There are a few bright spots among the gold mining slag. One plus about the stocks I'll be mentioning is that they are cheap price-wise with most of them trading under $10/share. That's a lot cheaper than the GLD which is currently at aroung $91/share. Here are my picks of the rock pile:

Top Picks
MRB, Metallica Resources: Not only did this stock not suffer along with the rest of the gold group, it's been on a juggernaut since breaking out of its base in late 2005. Since then it's risen over 300% and is currently trading at its all-time high of $8.25. The company not only is a gold producer, but is involved in silver and copper production as well, and with the world demand for copper exploding, this stock should do well even if gold demand starts to fade.

EGO, Eldorado Gold: This stock chart parallels that of MRB. It, too, broke out late in 2005 and has since racked up over a 200% gain. It gapped up today breaking short-term resistance to set a new high at $8.14. This company does not mine anything other than gold and its chart closely reflects the movement of the XAU, the gold and silver index.

Other Good Picks
AZC, Augusta Resources: This stock has doubled in price since its November 2006 inception. It broke out of its 2 1/2 month trading range just a few days ago and it, too, is making a new high around $4.70. Not only does the company produce gold, but copper, silver, and molybdenum as well.

GBN, Great Basin Gold: Similar story for this stock. It's almost doubled in value since late 2005 and is testing its recent high of $3.75. It produces copper as well as gold.

GRS, Gammon Gold: This gold and silver producer lost half of its value from its October peak of $12. Since the February low, it's managed to recoup most of its loss and is nearing minor resistance at $10.50. If it can break that then chances are good it will at least rise to its previous $12 high.

AAUK, Anglo American: This stock has risen 150% since the fall of 2005 and is nearing its all-time high of $38.75. This company has a smaller exposure to gold than the ones given above and could make an attractive adjunct to other gold stocks by providing a bit of diversification within the industry. The company has diverse mining interests, including platinum, silver, copper, molybdenum, vanadium, coal, diamonds, and iron ore plus other metals used in the production of steel. If you're looking for a diversified mining play in one package, consider this puppy. It's also the only one of this bunch that pays a dividend. (Current divident yield is about 2.5%.)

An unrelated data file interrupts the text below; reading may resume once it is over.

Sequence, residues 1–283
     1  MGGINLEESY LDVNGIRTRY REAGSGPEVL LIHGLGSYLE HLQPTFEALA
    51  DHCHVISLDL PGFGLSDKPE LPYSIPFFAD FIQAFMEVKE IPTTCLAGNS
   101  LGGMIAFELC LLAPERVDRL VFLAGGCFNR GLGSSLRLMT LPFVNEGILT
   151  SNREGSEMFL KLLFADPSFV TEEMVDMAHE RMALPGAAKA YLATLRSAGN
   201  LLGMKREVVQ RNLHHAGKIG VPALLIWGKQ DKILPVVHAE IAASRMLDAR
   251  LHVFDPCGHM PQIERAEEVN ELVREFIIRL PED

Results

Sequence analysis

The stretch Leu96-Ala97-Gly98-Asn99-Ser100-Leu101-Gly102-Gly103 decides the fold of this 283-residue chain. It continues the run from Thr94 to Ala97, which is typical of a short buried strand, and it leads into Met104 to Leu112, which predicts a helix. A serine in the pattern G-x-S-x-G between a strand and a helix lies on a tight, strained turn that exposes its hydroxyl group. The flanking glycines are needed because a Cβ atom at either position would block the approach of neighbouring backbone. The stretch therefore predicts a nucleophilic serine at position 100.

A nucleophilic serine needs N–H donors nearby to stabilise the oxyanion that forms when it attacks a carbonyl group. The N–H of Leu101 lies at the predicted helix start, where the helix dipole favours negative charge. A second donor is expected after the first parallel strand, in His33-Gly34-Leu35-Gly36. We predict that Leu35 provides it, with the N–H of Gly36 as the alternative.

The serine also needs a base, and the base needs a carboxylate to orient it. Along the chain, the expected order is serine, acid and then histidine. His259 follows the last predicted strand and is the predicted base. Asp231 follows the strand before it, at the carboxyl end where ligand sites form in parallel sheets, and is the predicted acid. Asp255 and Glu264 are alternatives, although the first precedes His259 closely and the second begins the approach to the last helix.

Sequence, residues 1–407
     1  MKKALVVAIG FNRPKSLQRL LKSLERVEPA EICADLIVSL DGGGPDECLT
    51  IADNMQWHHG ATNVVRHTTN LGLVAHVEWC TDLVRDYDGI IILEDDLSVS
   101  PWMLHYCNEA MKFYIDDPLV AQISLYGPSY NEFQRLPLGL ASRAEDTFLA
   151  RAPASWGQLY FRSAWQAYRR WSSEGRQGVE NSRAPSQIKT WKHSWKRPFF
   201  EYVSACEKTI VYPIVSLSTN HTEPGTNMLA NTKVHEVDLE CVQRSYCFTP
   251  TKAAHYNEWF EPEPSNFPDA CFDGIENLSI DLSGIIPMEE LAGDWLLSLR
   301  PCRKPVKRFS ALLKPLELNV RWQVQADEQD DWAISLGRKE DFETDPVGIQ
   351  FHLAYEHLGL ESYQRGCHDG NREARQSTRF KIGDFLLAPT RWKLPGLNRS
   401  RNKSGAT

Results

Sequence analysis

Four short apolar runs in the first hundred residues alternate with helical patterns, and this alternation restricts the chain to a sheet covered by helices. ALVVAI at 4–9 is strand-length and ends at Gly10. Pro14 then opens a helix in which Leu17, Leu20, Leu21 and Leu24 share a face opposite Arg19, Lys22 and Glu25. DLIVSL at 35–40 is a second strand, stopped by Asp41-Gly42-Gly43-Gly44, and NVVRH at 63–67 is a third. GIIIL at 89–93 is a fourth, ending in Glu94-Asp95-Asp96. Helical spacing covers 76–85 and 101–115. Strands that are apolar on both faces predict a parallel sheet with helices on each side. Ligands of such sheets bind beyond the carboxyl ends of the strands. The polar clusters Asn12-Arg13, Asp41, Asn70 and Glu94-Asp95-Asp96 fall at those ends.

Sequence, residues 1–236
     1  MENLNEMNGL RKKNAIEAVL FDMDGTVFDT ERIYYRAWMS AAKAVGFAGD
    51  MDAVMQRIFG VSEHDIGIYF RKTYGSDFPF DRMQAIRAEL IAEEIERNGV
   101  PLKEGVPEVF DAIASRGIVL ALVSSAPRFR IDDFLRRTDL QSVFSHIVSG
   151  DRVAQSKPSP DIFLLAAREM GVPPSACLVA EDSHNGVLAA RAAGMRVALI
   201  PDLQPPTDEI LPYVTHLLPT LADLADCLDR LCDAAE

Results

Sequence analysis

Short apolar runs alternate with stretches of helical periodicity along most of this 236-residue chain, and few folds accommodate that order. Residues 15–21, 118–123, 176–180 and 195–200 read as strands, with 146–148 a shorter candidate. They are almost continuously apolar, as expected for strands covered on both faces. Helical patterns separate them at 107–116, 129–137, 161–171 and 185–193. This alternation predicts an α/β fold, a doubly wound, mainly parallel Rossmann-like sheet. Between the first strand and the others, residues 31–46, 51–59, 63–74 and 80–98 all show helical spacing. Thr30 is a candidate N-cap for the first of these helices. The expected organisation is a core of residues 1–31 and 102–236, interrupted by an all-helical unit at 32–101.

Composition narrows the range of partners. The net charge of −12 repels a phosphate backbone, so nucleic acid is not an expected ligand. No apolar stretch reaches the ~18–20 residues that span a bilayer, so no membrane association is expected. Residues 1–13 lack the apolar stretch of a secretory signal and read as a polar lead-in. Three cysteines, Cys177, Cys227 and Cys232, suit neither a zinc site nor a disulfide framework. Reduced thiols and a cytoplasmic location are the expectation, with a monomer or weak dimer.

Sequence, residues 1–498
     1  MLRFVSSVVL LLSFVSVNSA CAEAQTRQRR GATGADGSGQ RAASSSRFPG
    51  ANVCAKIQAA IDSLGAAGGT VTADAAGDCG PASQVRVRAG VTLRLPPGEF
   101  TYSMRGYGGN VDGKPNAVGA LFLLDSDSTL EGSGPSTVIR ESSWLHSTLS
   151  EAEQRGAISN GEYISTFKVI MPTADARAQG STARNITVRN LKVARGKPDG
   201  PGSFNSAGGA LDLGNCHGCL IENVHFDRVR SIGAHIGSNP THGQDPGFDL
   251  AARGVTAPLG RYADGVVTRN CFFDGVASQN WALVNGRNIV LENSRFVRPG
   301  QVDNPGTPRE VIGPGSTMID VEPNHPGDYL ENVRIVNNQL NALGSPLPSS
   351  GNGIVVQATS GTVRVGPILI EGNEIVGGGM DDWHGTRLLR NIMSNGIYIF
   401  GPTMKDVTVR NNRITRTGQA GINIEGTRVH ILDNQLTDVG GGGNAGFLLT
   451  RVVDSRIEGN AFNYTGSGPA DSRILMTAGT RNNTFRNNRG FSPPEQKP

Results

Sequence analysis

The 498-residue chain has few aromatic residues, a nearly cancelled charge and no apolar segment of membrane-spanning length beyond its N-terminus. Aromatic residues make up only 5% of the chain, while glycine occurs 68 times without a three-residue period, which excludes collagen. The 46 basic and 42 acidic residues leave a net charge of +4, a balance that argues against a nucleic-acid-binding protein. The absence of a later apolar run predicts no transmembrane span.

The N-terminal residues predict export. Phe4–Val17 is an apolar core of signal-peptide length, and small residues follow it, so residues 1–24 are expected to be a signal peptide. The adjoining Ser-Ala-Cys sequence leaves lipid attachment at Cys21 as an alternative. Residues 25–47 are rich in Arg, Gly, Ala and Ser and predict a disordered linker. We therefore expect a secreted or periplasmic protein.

Of the above mentioned stocks, only EGO, GRS, and AAUK are optionable and would be good candidates for a covered call strategy. To answer the title question, “Is there gold in them thar' hills?” I would say yes, but you gotta pick the right hill. Happy prospecting!

Tuesday, May 13, 2008

The Legend of the Turtles

One day back in the fall of 1983, famed trader Richard Dennis was shooting the breeze with his trading partner and pal Bill Eckhardt. The conversation followed the lines of the age-old nature versus nurture tack with the central question being, “Are good traders born or can they be made?” Eckhardt was of the opinion that somewhere there's a trading gene, and either you have it or you don't. Dennis expressed his disagreement by flicking a paper airplane at him (okay, I made that up but I like the image) saying that a good trader can be made. At heart, one thing that I've discovered is that all good traders have a touch of the gambler in them, and that was true for our pair. They made a bet. Dennis told Eckhardt that he could teach people to trade and thus launched the saga of the Turtles. But before we get into that, we need to know a little about the man behind the magic, Richard Dennis himself.